I’m a huge science fiction fan, and, having read a list of what are alleged to be the top 200 science fiction novels, I decided to next tackle a read-through of all the Hugo Award winners and nominees for best novel. Let me know your thoughts and favorites. I’ve marked the winner as well as my own choice for which novel would win, had I the choice among the nominees. I’ve also dropped a short reflection on the year’s Hugo list at the end.
Millennium by John Varley (My Winner)- Grade: B-
The concept here is pretty awesome. On a future Earth, the present is bleak, so they send back time travelers to grab healthy humans from the past to try to reinvigorate their present. They’re spotted, and hijinks ensue. It’s a great thread, and one of the better uses of time travel. I love time travel abstractly as an idea for a story, but it’s so rarely used in ways which make it actually integral to the plot. Varley, however, uses it in a way that is impactful without ever feeling like it’s just there for the sake of the plot or throwing people into past situations. The characters aren’t terribly compelling, which makes it difficult to get into the book. Ultimately, the ideas behind the story are what kept me going as a reader. It’s definitely of the better time travel-themed novels I’ve read recently.
Startide Rising by David Brin (Winner)- Grade: C-
Conceptually, Startide Rising–and indeed, the rest of the series–has quite a bit going for it. The idea of “uplifting” other species to sentience and then traveling through the stars with them is a good one that I have surprisingly not really run into much anywhere else. My issue with this book and the others in the series is that it drags out the concept for far too long and without as much payoff as I’d like. The cacophony of viewpoints becomes more than a bit annoying to try to follow as aliens, dolphins, and humans each chime in on galactic affairs and the events surrounding one specific ship, the Streaker, on which the humans and dolphins reside. The reader is shifted back and forth so frequently that settling in and trying to experience the story is impossible. The book is also quite lengthy, which adds to the difficulty of trying to manage so many sporadically appearing characters. I found myself wondering occasionally if I should remember a character encountered in one or another part, and it became a chore to read after a while. With a more tightly focused narrative, I think this would have been a much better read. As it stands, it shows flashes of brilliance throughout.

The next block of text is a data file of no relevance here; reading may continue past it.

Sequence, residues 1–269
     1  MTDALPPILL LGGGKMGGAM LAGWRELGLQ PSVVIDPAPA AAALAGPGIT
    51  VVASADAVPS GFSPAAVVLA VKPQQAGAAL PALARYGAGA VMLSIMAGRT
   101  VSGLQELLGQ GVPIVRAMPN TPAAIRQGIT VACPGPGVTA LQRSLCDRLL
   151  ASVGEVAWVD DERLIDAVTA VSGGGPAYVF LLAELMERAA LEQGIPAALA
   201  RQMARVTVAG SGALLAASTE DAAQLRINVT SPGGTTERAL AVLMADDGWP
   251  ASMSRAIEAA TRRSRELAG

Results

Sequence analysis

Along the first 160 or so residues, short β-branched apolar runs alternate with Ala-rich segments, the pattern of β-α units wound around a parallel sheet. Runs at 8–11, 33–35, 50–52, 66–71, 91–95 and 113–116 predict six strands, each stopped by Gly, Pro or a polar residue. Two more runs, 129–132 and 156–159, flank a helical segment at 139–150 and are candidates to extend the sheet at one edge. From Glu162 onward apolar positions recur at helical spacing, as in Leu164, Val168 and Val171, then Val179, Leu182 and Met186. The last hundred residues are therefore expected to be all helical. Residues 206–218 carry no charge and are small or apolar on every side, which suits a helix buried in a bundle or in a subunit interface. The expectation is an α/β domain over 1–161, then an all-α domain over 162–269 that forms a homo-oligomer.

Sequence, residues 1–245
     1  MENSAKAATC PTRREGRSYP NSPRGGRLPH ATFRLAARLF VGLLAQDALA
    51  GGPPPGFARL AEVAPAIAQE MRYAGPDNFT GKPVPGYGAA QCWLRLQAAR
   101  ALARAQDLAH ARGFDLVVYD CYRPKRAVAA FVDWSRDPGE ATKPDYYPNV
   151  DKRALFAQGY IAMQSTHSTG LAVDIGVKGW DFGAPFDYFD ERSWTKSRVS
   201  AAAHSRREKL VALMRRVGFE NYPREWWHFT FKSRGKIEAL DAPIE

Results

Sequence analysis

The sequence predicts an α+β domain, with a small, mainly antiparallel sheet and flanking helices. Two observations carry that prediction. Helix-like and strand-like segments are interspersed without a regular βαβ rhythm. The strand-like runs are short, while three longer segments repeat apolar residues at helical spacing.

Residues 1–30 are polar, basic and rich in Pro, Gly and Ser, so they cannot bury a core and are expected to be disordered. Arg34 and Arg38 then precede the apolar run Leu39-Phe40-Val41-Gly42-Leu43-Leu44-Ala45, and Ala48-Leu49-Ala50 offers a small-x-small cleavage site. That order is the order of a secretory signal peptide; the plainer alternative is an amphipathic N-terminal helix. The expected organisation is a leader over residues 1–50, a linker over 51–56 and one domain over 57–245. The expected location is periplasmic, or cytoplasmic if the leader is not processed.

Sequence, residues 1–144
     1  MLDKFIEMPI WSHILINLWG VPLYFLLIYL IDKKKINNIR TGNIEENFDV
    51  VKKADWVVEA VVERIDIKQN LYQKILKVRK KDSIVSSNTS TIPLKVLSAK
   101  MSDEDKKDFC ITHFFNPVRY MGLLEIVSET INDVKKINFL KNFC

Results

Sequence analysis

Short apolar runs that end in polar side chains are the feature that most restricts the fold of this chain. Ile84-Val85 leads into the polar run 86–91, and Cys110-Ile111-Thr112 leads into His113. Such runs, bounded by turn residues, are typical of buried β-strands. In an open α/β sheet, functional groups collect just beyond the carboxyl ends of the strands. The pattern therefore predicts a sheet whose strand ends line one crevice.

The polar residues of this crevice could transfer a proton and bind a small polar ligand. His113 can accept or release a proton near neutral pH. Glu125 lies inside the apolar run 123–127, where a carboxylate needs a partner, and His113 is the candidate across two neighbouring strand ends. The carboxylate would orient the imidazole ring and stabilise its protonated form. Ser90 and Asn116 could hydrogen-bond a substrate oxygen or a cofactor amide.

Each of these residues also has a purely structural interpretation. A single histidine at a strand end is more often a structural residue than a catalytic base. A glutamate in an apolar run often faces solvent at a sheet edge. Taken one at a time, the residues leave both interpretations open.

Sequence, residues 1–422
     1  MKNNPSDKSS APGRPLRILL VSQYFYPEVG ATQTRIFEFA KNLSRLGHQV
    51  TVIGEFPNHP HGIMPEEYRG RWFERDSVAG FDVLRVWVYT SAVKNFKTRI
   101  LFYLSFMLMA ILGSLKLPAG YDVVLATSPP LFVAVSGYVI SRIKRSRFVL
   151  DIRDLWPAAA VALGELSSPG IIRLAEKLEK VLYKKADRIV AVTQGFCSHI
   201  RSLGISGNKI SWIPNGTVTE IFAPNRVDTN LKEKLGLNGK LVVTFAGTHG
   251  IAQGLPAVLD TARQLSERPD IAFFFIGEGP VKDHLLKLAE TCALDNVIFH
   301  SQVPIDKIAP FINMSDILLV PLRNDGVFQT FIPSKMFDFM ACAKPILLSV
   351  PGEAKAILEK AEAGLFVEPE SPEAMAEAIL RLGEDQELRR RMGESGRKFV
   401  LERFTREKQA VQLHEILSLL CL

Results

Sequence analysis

Tea with the Black Dragon by R. A. McAvoy- Grade: C-
Sometimes you read a book and you can tell it’s probably much better than it feels. For me, Tea with the Black Dragon was one of those books. There’s a quietude in the novel that is both appealing at times and also off-putting at others. I found myself feeling a bit bored. I know that’s a strong indictment, but its nevertheless true. I found my mind wandering off to other novels or locales, hoping that some action would occur, or that something would break the tone of the novel. I don’t really know how to describe it; I was underwhelmed here. I acknowledge the craft while at the same time noting it’s not for me.